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3 Signs It May Be Time To Sell Your Stocks

By Edited Aug 23, 2016 1 0

Investing Success

I find that it is much easier for investors to buy stocks then it is for them to sell.  I say this because I have seen investors who hold onto their investments all the way to bankruptcy, or when the stock has made a sizeable gain and the investor still refuses to sell.  Some of the thought process that goes on are:  

  • They believe the stock still has more room to go up in price so they patiently wait for it to increase further, only to miss out when it was at its peak.  
  • The stock has dropped and the investor believed it had bottomed out and it will go up again, so they continue to hold

  • The stock has dropped so much that by this point, selling it would cause a big loss, so they hold onto it in the hopes that one day it could go back up again  

Sad to say, I was a victim of those type of thinking too.  To get out of this type of thinking, people should be mindful of the following and pay attention to the signs of when to sell your stocks.  

  1. PE Ratio is Too High

The PE Ratio or the Price/ Earnings ratio calculates what optimal price an investor should pay based on what the company’s annual earnings are and the market price of the company.  The formula for the PE ratio is calculated as:

Market Price per Share/ Earnings per Share (EPS)

If a company has a PE ratio of 16x, that means that for each dollar in annual earnings the company makes, the investor will need to spend $16 to attain a Earnings Per Share of $1.  

Knowing how the PE ratio works is only part of the puzzle.  The PE ratio needs to be compared to the competitors and the industry.  If the PE ratio in your equity holding is higher than its competitors then likely your company is overvalued and it may be time to sell.   A good way to find out what your company’s PE ratio is by searching on Google Finance and typing your company’s name in the Google Search.  

  1. A lot of Negative News Coming From the Company

If there are a string of negative news coming out about the stock, do an assessment of whether it may be time to head for the exit doors.  Keep in mind though that by the time you read all these negative news, it could already be too late.  The stock market tends to react rather quickly when there is a whiff of negativity about any company traded on the stock exchange.  A couple of negative news you should be on the look out for are the following:

  • Are the senior executives leaving?  Could mean a restructuring is occurring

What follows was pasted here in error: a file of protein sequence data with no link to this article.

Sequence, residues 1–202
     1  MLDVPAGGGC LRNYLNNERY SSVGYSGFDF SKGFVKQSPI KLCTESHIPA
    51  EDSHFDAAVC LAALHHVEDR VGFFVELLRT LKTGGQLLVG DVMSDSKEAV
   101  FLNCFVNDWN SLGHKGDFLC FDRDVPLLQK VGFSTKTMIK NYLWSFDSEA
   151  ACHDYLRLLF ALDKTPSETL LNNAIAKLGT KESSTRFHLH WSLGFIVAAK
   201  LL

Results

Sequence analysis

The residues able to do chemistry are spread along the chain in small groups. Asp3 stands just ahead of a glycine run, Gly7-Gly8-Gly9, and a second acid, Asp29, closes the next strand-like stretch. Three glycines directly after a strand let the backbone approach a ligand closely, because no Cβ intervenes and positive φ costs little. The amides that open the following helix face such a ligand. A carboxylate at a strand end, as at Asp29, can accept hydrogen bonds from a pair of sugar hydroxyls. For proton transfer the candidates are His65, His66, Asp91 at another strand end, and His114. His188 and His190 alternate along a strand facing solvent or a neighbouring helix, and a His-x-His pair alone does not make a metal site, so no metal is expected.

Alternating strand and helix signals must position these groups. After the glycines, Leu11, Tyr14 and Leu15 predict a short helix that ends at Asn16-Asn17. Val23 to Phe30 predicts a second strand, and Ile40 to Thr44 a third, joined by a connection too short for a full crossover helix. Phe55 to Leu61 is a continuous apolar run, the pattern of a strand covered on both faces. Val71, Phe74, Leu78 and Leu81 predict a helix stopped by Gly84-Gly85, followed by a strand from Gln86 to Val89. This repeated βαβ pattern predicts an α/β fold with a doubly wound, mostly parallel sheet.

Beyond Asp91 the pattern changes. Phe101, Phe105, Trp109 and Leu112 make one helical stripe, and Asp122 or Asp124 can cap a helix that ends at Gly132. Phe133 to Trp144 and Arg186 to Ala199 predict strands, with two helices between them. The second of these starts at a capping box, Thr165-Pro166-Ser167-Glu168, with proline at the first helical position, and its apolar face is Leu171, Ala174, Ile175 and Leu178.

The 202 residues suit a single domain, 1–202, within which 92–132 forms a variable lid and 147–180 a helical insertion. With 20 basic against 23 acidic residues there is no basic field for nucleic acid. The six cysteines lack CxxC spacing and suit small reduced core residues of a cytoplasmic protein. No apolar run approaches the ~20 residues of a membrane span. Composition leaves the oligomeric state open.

• The CEO or CFO abruptly resigns without prior notice and no successor planned

  • Research/ Construction is behind schedule or there are cost overruns.  (The Boeing 787 Dreamliner has been consistently plagued by problems and was behind schedule)

  • The political climate of where the company operates in has changed.  (Ford took a hit in its recent financials because of the political climate in Russia)

There could be a number of factors that can cause a company to drop in value.  But when these type of news do occur, look at the cash flow to see whether there are still business coming in and whether there is positive cash flow coming into the company.

  1. The Growth Phase of The Company is Coming to An End

During the life cycle of a company, companies can enter the growth phase where the company is in hyper growth mode and is expanding and growing like crazy.  There are new markets to enter and customers are clamouring for what the company has to offer.  Think of Apple when they first released the iPhone or Groupon when they initially came out.  

Generally, companies are able to sustain its growth much longer when there are high barriers to entry preventing new competition.  For example: Groupon recently has been struggling because consumers are starting to get used the Groupon deals being offered and it is relatively inexpensive for startups to launch their own group buying websites.  

Another area to keep an eye out for a long sustained growth phase is check to see whether the stock you own has a natural monopoly.  For example: if the stock you own is a mining company, does the company have exclusive rights to mine the area?  

There are a lot of things to pay attention to when you are debating on whether to sell your stocks or not.  It is important to periodically look at your investments and determine whether it is time to sell some of those stocks.  

 

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